Bladder Pain Syndome/Interstitial Cystitis due to Pudendal Nerve Compression: Described in 1915—A Reminder for Treating Pelvic Pain a Century Later
20. Juni 2019
28. August 2019
06. März 2020 (online)
Background Interstitial cystitis (IC) or bladder pain syndrome (BPS) is highly painful and disabling and probably the most misdiagnosed urologic condition. Its classic symptoms of perineal pain, urinary urgency, and frequency despite sterile urine cultures were already described more than a century ago in a report on soldiers during World War (WW) I due to chronic pudendal nerve compression.
Objectives This article translates a report from 1915 on pudendal neuropathy and discusses its author Georg Zülzer (1870–1949).
Methods An English translation of the German original is provided with the biography and work of Zülzer, his clinical observations are discussed regarding modern diagnosis and therapy of pudendal nerve compression.
Results In his article entitled “Irritation of the Pudendal Nerve (Neuralgia). A Frequent Clinical Picture during War Feigning Bladder Catarrh,” Zülzer describes his observation of soldiers during WW I, presenting with a triad of perineal pain, urinary urgency, and frequency despite sterile urine cultures excluding urinary infections. He also documented a characteristic skin hypersensibility of the perineum in a rhomboid shape which corresponds to the innervation area of the pudendal nerve with its two branches deriving from the “pudendal plexus.” He regards this symptomology as rare during peace, but as disease of trench warfare which can be easily diagnosed regarding clear urine and a painful skin island overlying the area of the pudendal nerve as tested by simple needle examination. Zülzer, born in Germany, was forced to emigrate to the United States in 1934, was also an important pioneer of diabetes research using pancreas extracts from dogs as early as 1907.
Conclusion In this historical description, dating from about a century ago, Georg Zülzer probably gave the first exact clinical description of symptoms due to pudendal nerve compression. Pudendal nerve compression should always be taken into account when examining and treating patients with symptoms of IC/BPS.
- 1 Hanno PM, Erickson D, Moldwin R, Faraday MM. ; American Urological Association. Diagnosis and treatment of interstitial cystitis/bladder pain syndrome: AUA guideline amendment. J Urol 2015; 193 (05) 1545-1553
- 2 Zuelzer G. Reizung des Nervus pudendus (Neuralgie). Ein häufiges, Blasenkatarrh vortäuschendes Krankheitsbild im Kriege. Berlin Klin Wochenschr 1915; 52: 1260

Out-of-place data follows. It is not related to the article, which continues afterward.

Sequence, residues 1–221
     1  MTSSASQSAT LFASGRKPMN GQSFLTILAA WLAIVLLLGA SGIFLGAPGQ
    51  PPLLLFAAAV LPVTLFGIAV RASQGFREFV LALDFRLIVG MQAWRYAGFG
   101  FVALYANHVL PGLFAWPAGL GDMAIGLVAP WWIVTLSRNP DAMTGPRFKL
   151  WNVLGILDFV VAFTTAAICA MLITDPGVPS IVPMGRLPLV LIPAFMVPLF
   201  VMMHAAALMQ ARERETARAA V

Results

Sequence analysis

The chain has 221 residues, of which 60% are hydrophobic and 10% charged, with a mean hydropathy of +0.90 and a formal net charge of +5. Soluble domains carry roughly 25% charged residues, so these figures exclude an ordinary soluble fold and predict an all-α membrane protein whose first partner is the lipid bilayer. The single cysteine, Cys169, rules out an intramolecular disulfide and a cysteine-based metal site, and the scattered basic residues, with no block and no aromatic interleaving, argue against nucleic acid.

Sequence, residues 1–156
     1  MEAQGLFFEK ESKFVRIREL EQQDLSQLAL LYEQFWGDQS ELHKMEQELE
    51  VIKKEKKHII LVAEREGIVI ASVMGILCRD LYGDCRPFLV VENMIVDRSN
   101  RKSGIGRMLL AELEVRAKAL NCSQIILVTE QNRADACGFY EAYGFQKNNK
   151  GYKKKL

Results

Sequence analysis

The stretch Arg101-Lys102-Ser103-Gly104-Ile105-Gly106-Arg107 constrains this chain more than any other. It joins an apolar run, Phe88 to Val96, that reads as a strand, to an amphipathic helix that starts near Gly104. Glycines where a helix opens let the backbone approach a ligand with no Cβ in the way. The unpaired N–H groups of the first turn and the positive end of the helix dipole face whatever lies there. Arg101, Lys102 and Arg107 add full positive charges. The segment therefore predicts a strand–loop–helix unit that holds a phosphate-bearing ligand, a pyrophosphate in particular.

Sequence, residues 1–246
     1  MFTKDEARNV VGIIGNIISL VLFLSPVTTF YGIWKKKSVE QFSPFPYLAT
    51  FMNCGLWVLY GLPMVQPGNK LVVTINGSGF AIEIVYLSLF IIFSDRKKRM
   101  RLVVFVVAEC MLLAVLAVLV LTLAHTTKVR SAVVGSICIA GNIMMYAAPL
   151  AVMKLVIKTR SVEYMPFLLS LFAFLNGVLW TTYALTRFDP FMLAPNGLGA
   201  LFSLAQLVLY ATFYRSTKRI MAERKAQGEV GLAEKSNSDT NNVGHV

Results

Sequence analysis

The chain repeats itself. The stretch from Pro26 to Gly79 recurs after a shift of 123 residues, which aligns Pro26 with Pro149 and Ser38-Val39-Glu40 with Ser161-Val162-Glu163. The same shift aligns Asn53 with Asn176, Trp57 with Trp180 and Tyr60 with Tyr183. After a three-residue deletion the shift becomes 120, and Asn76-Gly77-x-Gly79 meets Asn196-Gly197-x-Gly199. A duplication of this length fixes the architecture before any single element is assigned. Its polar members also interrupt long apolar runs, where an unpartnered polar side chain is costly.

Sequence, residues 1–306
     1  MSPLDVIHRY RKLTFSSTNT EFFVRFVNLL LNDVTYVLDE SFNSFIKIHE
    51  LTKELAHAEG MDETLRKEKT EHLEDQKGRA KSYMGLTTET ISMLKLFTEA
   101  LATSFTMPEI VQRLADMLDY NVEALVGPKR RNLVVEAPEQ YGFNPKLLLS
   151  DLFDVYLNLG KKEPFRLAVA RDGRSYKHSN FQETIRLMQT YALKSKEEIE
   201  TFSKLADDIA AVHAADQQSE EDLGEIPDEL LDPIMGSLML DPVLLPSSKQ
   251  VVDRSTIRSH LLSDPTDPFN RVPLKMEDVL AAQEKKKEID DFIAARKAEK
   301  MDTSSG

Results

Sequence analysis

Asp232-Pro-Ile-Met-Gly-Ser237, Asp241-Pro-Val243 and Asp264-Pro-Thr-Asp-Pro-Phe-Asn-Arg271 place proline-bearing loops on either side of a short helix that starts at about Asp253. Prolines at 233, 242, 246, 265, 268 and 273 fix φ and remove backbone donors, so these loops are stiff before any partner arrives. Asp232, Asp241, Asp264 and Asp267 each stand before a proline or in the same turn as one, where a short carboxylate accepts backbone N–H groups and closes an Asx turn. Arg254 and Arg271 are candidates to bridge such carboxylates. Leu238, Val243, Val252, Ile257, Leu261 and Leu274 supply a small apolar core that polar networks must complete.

- 3 Zuelzer G. Experimentelle Untersuchungen über den Diabetes. Berlin Klin Wochenschr 1907; 44: 474-475
- 4 Mellinghoff KH. [Georg Ludwig Zuelzer's contribution to the research on pancreatic extracts]. Med Welt 1972; 23 (16) 622-626
- 5 Hanno PM, Chapple CR, Cardozo LD. Bladder pain syndrome/interstitial cystitis: a sense of urgency. World J Urol 2009; 27 (06) 717-721
- 6 Baskin LS, Tanagho EA. Pelvic pain without pelvic organs. J Urol 1992; 147 (03) 683-686
- 7 Antolak Jr. SJ, Hough DM, Pawlina W, Spinner RJ. Anatomical basis of chronic pelvic pain syndrome: the ischial spine and pudendal nerve entrapment. Med Hypotheses 2002; 59 (03) 349-353
- 8 Dellon AL. Pain solutions. In: Pelvic Pain. Chapt. 12. Dellon Institutes for Peripheral Nerve Surgery; 2007. www.dellon.com/pain-solutions.html . Accessed September 17, 2019
- 9 Labat JJ, Riant T, Robert R, Amarenco G, Lefaucheur JP, Rigaud J. Diagnostic criteria for pudendal neuralgia by pudendal nerve entrapment (Nantes criteria). Neurourol Urodyn 2008; 27 (04) 306-310
- 10 Hruby S, Dellon L, Ebmer J, Höltl W, Aszmann OC. Sensory recovery after decompression of the distal pudendal nerve: anatomical review and quantitative neurosensory data of a prospective clinical study. Microsurgery 2009; 29 (04) 270-274
- 11 Antolak Jr. SJ, Antolak CM. Therapeutic pudendal nerve blocks using corticosteroids cure pelvic pain after failure of sacral neuromodulation. Pain Med 2009; 10 (01) 186-189
- 12 Hough DM, Wittenberg KH, Pawlina W. , et al. Chronic perineal pain caused by pudendal nerve entrapment: anatomy and CT-guided perineural injection technique. AJR Am J Roentgenol 2003; 181 (02) 561-567
- 13 Hruby S, Ebmer J, Dellon AL, Aszmann OC. Anatomy of pudendal nerve at urogenital diaphragm--new critical site for nerve entrapment. Urology 2005; 66 (05) 949-952
- 14 Dellon AL, Wright EJ, Manson PN. Chronic pelvic pain after laser prostatectomy: treatment by resection of the perineal branches of the pudendal nerve. J Reconstr Microsurg 2014; 30 (08) 547-550
- 15 Dellon AL, Coady D, Harris D. Pelvic pain of pudendal nerve origin: surgical outcomes and learning curve lessons. J Reconstr Microsurg 2015; 31 (04) 283-290
- 16 Wan EL, Dellon AL. Injury to the perineal branch of the pudendal nerve in men: Outcomes from surgical resection of the perineal branches. Microsurgery 2018; 38 (02) 172-176
- 17 Dellon AL, Coady D. Vulvar and pelvic pain terminology review: implications for microsurgeons. Microsurgery 2015; 35 (02) 85-90
- 18 Wan EL, Goldstein AT, Tolson H, Dellon AL. Injury to perineal branch of pudendal nerve in women: outcome from resection of the perineal branches. J Reconstr Microsurg 2017; 33 (06) 395-401